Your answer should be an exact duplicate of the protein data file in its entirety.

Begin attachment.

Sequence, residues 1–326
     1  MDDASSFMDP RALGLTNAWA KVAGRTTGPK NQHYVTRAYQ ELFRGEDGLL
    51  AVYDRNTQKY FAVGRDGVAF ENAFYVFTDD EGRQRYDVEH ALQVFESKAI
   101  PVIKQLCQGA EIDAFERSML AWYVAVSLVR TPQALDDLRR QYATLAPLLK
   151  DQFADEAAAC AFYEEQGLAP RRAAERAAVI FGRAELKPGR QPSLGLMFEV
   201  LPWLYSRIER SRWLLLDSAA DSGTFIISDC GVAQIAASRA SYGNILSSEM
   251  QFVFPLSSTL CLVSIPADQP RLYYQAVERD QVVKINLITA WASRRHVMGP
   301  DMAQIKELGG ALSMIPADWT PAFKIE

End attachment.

Sequence, residues 1–326
     1  MDDASSFMDP RALGLTNAWA KVAGRTTGPK NQHYVTRAYQ ELFRGEDGLL
    51  AVYDRNTQKY FAVGRDGVAF ENAFYVFTDD EGRQRYDVEH ALQVFESKAI
   101  PVIKQLCQGA EIDAFERSML AWYVAVSLVR TPQALDDLRR QYATLAPLLK
   151  DQFADEAAAC AFYEEQGLAP RRAAERAAVI FGRAELKPGR QPSLGLMFEV
   201  LPWLYSRIER SRWLLLDSAA DSGTFIISDC GVAQIAASRA SYGNILSSEM
   251  QFVFPLSSTL CLVSIPADQP RLYYQAVERD QVVKINLITA WASRRHVMGP
   301  DMAQIKELGG ALSMIPADWT PAFKIE